Display Settings:

Format

Send to:

Choose Destination
See comment in PubMed Commons below
Cogn Neuropsychiatry. 2010 Jan;15(1):319-45. doi: 10.1080/13546800903000229.

Delusion and confabulation: mistakes of perceiving, remembering and believing.

Author information

  • 1Macquarie Centre for Cognitive Science, Macquarie University, Sydney, NSW 2109, Australia. robyn@maccs.mq.edu.au

Abstract

This paper adopts an inclusive approach to the relationship between delusion and confabulation, according to which some symptoms might qualify as both delusional and confabulatory. Our initial focus is on the cardinal signs of delusions: incomprehensibility, incorrigibility, and subjective conviction. Setting aside post hoc (or secondary) confabulations-plausible rationalisations that might be generated by nonpathological belief formation processes-we focus on spontaneous memory-based confabulations which, we suggest, conform to the characterisation of delusions. After considering current accounts of the role of experience in delusion formation, we propose that spontaneous confabulations are located at (or towards) the "received" end of a "received-reflective" spectrum of delusions: the spontaneous confabulator simply receives and endorses as genuine the content of an apparent-yet implausible-memory experience. Underlying both spontaneous confabulations and other received delusions, we propose, is an inability to inhibit the prepotent tendency to upload and maintain experiential content (mnemonic or perceptual) into belief.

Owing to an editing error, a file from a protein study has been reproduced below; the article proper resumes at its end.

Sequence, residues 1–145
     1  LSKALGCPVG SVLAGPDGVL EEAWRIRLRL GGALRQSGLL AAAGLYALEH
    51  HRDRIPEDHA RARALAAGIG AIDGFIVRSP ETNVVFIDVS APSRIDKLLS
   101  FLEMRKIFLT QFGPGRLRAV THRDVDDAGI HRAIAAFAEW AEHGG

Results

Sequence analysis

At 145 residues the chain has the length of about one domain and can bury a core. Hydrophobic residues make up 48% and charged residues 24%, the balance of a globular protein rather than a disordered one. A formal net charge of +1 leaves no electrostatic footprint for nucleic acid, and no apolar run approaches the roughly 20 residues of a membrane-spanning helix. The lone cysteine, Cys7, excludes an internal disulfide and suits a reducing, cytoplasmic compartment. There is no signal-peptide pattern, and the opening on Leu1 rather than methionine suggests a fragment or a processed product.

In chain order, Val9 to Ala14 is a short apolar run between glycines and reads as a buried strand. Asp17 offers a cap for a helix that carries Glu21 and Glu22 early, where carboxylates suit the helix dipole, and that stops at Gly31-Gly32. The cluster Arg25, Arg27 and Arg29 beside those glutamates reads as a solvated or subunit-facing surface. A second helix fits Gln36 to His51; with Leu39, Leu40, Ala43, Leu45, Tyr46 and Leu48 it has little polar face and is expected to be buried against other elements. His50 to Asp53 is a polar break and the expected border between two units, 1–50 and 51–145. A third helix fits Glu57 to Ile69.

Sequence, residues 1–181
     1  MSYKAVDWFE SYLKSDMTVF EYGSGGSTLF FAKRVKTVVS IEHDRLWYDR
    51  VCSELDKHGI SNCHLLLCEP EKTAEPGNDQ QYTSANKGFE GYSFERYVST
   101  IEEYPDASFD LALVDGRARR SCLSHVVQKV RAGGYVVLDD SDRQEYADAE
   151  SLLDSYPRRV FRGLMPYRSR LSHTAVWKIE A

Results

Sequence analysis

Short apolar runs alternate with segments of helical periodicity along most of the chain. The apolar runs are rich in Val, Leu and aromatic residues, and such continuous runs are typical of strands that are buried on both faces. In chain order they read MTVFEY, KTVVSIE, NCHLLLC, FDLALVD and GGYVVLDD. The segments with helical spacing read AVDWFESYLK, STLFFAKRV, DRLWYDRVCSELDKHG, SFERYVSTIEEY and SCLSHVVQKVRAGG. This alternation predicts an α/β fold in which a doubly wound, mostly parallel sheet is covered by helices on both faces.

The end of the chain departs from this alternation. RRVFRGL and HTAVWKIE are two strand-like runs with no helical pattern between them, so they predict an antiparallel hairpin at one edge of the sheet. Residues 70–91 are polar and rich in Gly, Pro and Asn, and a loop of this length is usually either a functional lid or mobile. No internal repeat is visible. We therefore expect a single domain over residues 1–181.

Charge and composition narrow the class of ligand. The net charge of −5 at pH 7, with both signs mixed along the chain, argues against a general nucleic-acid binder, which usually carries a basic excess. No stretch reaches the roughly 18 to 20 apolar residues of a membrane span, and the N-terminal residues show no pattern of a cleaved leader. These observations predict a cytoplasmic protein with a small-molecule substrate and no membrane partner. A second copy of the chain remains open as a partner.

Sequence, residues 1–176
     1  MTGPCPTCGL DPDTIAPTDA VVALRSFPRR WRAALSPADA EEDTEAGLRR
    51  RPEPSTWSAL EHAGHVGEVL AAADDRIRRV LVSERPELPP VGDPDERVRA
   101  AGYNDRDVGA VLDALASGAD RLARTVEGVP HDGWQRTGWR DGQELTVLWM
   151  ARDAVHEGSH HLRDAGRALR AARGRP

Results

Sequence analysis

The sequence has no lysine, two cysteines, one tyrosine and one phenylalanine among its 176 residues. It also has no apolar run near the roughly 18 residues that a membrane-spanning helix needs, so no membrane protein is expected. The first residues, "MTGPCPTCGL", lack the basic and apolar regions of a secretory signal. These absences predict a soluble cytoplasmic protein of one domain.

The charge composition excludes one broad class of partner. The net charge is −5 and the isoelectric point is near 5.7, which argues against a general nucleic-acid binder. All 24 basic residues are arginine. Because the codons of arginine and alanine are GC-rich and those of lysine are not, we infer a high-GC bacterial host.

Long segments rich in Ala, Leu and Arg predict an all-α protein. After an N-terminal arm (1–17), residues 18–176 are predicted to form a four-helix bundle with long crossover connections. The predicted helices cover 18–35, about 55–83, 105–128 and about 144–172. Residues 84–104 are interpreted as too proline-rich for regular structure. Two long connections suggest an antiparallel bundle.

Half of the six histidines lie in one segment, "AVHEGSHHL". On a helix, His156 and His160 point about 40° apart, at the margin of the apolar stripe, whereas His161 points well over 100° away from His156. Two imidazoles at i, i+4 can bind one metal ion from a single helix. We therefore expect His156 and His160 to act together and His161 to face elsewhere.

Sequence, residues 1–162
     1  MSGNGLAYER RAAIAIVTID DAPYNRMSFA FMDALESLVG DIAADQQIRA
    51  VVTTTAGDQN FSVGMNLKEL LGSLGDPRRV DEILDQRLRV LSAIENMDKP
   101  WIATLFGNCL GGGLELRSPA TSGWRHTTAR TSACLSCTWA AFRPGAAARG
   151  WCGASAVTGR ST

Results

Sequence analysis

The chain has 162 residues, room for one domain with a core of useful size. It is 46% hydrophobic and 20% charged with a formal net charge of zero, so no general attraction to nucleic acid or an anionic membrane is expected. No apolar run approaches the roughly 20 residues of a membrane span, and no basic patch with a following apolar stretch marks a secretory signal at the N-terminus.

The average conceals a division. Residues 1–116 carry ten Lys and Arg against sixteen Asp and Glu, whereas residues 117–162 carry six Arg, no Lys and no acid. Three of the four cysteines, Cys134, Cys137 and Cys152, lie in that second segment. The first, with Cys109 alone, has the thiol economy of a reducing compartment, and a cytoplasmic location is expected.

PMID:
19760525
[PubMed - indexed for MEDLINE]
PubMed Commons home

PubMed Commons

0 comments
How to join PubMed Commons

    Supplemental Content

    Full text links

    Icon for Atypon
    Loading ...
    Write to the Help Desk